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"Brady, do you know who I am?"
My sweet little girl looked at me and scrunched up her forehead, rubbing it hard with the palm of her hand. She looked frustrated and confused, and very scared. She could not answer me. She could not speak to me. I could tell that she knew me, but she could not say it. Mom.
That moment was the beginning of five of the longest hours of my life, when my sweet little girl had a partial seizure, stripping her of her speech and her motor skills. That moment was just this past weekend, a long weekend watching my daughter lose a part of herself, then slowly come back to us day by day. She and I spent three long days in the hospital, while doctors and nurses poked and prodded her, running tests to rule out everything from meningitis to stroke. We cried together, snuggled a lot, and eventually got back to laughing and talking together, while our boys came to visit and took care of things at home.
And after what felt like an eternity, my little girl and I left that hospital and went home, back to the love of our family and friends, and two brothers who were thrilled to have their sister back.
I can say with certainty that I will never ever forget this past weekend. But not just because it aged Scott and me at least 10 years each. I know that I will look back at this weekend having learned some major lessons. Lessons that really sink in when they're coming from your eleven year old daughter.
The last few months have been a bit overwhelming for us. I won't get into specifics here, but the state of our country has been the topic of conversation on many mornings, and many nights in our house. I'm sure many of you can say that as well, no matter what side of the issues you find yourself on. And it's been easy to let the struggles around us infiltrate the emotions within us. It's hard to get through a day without wondering what's happening to our country, or worrying about the future of our children.
But oh how quickly that perspective changes when you're staring into the eyes of your frightened little girl as she struggles to form words. Everything outside that room vanished, and my whole world was right there in her scared blue eyes. I held her face in my hands and told her over and over not to worry, that it would all come back to her, that she would come back. And she did. At around 10pm that night, she looked up at me and mumbled, "I love you, Mommy". And everything was absolutely perfect.
I know that the world will never be the perfect place for my children. It will never be safe enough or good enough for them. But as long as they are with me, they are our world, and they make my world good enough.
This weekend was certainly a lesson in remembering the precious gifts that are right inside my home. But I believe this weekend also taught me the importance of balance. As I spent every waking moment (and most of those moments I should have been sleeping!) by Brady's side, holding her hand as she cried, praying for her as they stuck her with needles, holding her close, I lost touch with the outside world. All those conversations about the state of the country and the world just went away. I had no idea what was going on outside our little hospital room, and outside our family.
This felt good. For a while. And I felt tempted to stay in our little bubble. After all, everyone was ok, my daughter needed only to be held by me, and our boys came day after day to make her laugh, to hold her hand, and to give me love and support. Our seizure scare turned into a family love fest, and it was tempting to let the weight of the outside world fall away.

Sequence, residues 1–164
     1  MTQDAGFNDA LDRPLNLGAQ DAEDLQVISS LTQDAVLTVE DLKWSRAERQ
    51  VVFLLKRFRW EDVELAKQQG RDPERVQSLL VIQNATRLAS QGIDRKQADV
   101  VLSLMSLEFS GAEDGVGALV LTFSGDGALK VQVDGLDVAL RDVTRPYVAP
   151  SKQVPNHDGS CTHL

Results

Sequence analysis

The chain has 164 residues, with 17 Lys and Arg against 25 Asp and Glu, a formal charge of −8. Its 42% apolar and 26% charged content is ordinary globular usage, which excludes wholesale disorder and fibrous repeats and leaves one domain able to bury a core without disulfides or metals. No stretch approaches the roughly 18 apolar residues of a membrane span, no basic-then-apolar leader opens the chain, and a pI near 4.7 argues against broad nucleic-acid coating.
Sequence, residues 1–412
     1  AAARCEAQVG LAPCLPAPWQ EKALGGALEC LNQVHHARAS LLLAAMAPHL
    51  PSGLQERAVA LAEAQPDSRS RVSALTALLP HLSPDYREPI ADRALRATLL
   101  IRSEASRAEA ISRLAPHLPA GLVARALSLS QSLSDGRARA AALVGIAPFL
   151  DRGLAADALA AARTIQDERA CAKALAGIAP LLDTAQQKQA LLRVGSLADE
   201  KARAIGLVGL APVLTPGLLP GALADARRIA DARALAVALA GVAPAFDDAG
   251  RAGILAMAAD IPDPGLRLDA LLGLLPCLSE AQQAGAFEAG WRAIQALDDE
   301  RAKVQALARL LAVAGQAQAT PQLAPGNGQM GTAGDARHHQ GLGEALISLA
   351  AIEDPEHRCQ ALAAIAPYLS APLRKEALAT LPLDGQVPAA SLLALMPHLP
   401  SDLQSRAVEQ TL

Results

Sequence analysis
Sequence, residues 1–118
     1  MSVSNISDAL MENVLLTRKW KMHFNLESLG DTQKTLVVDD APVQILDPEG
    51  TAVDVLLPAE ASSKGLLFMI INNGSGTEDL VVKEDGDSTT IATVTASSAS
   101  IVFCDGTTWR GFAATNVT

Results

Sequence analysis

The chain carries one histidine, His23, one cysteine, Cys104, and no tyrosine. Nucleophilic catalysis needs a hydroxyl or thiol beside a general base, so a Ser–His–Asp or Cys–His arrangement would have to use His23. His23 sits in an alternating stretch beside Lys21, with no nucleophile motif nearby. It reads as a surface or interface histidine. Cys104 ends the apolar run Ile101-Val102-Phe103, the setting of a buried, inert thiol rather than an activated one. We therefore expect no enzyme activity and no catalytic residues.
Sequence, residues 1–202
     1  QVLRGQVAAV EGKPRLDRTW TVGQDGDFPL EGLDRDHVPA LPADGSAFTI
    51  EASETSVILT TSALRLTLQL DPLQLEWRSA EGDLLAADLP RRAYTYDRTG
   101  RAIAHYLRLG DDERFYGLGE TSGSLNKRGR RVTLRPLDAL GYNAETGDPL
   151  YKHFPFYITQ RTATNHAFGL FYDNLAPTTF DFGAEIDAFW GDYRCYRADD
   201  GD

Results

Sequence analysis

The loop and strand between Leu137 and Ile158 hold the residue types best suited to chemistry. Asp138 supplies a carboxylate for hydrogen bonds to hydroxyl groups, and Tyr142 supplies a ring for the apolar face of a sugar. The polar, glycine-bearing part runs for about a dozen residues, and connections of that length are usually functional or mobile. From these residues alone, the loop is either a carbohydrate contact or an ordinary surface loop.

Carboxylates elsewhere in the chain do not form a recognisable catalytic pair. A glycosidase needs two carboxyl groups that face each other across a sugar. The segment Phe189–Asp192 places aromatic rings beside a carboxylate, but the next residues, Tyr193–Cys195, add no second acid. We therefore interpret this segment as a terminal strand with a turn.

But that's my privilege talking. I happen to live in a way that allows me the temptation to turn my back on the outside world and dive head first into my little bubble. I wear the "right" color skin, love the "right" gender, and worship the "right" God. I am seeped in privilege. And so while this weekend was really scary, it was also a reminder that I can't run away to my bubble. I can certainly escape the reality of today in order to hold my children close and protect them as best I can. But if I really want to do my best for my children, I have to teach them about life outside the bubble. Choosing to live comfortably and safely inside our loving little bubble might make things easier for us, but choosing to step outside that bubble might help make things better for others.
Finding the balance is important.
This weekend was so not fun. But still, whenever friends ask how I am doing, my answer is that I am doing GREAT! Because Brady is doing great. Because it could have been worse. So much worse. Because we got such great care. Because we were surrounded by the most amazing friends, who scooped up our boys, and took care of everything. Because Brady did the right thing at school when she felt her arm go tingly. Because she was smart enough to get help. Because her teachers and school nurses did everything right. Because we happened to get the most amazing neurologist to take care of her. Because the nurses were so friendly and fun, and one was even this wicked awesome Patriots fan! Because my Brady girl came back to me. Just like I knew she would.
Yes, I am exhausted. Yes, I lost it a few times over the course of the weekend. Sure, I never ever ever want to go through that again. But I can't help but be thankful for how it all turned out. I know I'm one of the lucky ones. I know that every minute of every day, I have a LOT to thank God for.
And so I'm chalking this weekend up to one I will definitely never forget.
Whether or not that's for good or for bad, I'm thinking that's a matter of perspective, but right now, I'm leaning toward the good.